Given the current economic pressure on the beef-cow sector, it's imperative that ranchers prepare a detailed production and economic projection for their 2009 calves. This isn't a year for business as usual.
This five-part series is designed to help ranchers make their own 2009 economic projections. But should your projection be less than favorable, ample time remains to make needed management changes to positively impact the final economic outcome for your 2009 calves.
This month's column will focus on projecting the 2009 non-feed costs of operating my demonstration beef cowherd. Non-feed costs in my Integrated Resource Management ez (IRMez) model fall into two categories livestock costs and overhead costs.
The projected livestock costs used for my 2009 demo herd are in Table 1. You can develop these numbers by using your accounting summary data for 2008 (reported on your IRS 1040F form) as proxies for the costs of those same cost items in 2009.
Calculate the 2008 data on a per-cow basis, based on the number of cows in the Jan. 1, 2008, inventory, then multiply that per-cow number by the cows in the Jan. 1, 2009, inventory. It's also logical to make some subjective changes to the 2008 data to tailor your projections to 2009.
North Dakota research in the 1990s estimated the cost of developing a replacement heifer (weaning through preg-check) at about $200, which doesn't include the market value of a weaned heifer. I recommend ranchers now use $250-$300 as the projected development cost in 2009. In Table 1, I used $275 in the 2009 demo herd.
Table 2 presents the livestock cost summary from the IRMez model. Notice the total and per-cow columns. Projected total livestock cost is $31,914 or $192.25/cow, which figures to $38.13/cwt. of calf produced.
The demo herd's projected “returns above feed and livestock cost” total $24.31/cwt. of calf produced. The table suggests this rancher needs a $123.59 steer calf price just to cover feed and livestock costs. (Obviously, these two cost categories are a bottleneck to projected profits in 2009.)
In lieu of annual beef cowherd depreciation, this demo herd grows its own replacements and maintains a perpetual herd. The last line of Table 2 summarizes the herd's projected cost of replacement heifers. Given the projected $275 cash cost of developing replacement heifers and my fall 2009 projected $526 market price for 526-lb. 2009 weaned heifers, this figures out to $801 ($275 + $526)/replacement heifer.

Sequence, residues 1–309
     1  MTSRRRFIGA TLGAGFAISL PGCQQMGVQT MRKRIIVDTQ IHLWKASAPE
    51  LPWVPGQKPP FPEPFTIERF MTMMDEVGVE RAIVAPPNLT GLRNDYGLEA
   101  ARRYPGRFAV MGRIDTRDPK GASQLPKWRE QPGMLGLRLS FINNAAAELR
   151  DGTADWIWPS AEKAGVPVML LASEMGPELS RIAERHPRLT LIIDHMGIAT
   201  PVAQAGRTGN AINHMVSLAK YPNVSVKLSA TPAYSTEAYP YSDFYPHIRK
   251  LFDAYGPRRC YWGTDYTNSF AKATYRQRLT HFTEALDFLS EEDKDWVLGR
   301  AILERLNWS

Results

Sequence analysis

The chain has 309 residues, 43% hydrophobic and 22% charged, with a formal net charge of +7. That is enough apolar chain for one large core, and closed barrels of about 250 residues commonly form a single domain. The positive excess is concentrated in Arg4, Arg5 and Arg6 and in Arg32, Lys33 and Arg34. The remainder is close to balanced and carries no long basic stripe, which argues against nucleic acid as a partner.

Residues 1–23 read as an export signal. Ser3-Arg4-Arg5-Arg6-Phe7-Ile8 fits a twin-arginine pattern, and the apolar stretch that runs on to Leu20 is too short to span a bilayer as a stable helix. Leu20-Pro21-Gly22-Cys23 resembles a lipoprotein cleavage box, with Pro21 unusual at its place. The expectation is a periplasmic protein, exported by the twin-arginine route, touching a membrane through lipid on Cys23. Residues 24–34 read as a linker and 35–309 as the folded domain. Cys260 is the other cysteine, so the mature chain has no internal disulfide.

If this $801 is multiplied by the 31 replacement heifers needed to maintain a perpetual herd on this ranch, annual economic costs for developing replacement heifers is $24,831 ($801 × 31) for this herd. If this rancher divides $24,831 by the 166 cows in his Jan. 1, 2009, inventory, the projected replacement heifer cost is $150/cow (summarized in the lower left-hand side of Table 2 ).
This is in line with North Dakota's farm business management records, which found an average replacement cost of $147/cow in 2007. Cash accounting never identifies this number for a ranch manager.
Table 3 presents the overhead input numbers used in the 2009 demo herd projections. The top three lines summarize the current market value of the beef cow breeding herd; and beef cow building, facilities and equipment investment, all expressed as the beef cows' share only. Farmland, pastureland and haying equipment aren't included in these numbers.
The bottom half of Table 3 presents the beef cowherd's debt structure. A $22,500 equipment debt is projected to be financed for nine years at 7% interest; the pastureland debt is projected to be financed for $75,000 with 20 years remaining also at 7% interest.
Typically, a beef cowherd's overhead costs are low. To simplify the IRMez model, overhead costs are based on a long-established farm management principle the DIRTI-5 thumb rule depreciation, insurance, repairs, taxes and interest.
Table 4 presents some suggested DIRTI-5 percentages for the different beef cow asset investment groups for each DIRTI-5 factor. (Use these DIRTI-5 factors as a quick way to calculate the overhead costs for any ranch investment you're considering.)
The IRMez model takes advantage of these DIRTI-5 factors and uses them to automatically project overhead costs for the beef cowherd and its building, facilities and equipment. This substantially reduces the input numbers needed to calculate overhead costs. Since actual interest paid is already reported earlier in the overhead form, the bottom line in Table 4 (with interest removed) is what's used in the IRMez model.
Thus, total overhead costs are projected at $27.64/cow or $5.48/cwt. of calf produced. The total capital invested in this demo beef cowherd is $228,850 or $1,379/cow (Remember, this does not include pastureland, farmland, or farming machinery investment).
Space prevents me from detailing this 2009 demo herd's final economic projections. That will be the focus of my May issue column.
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But Table 5 lists the projected critical success factors for this demo herd, which project this herd won't generate a favorable outcome in 2009. Clearly, this manager needs to devote considerable management attention to changing the projected economic outcome of his herd!
Harlan Hughes is a North Dakota State University professor emeritus. He lives in Laramie, WY. Reach him at 701-238-9607 or firstname.lastname@example.org.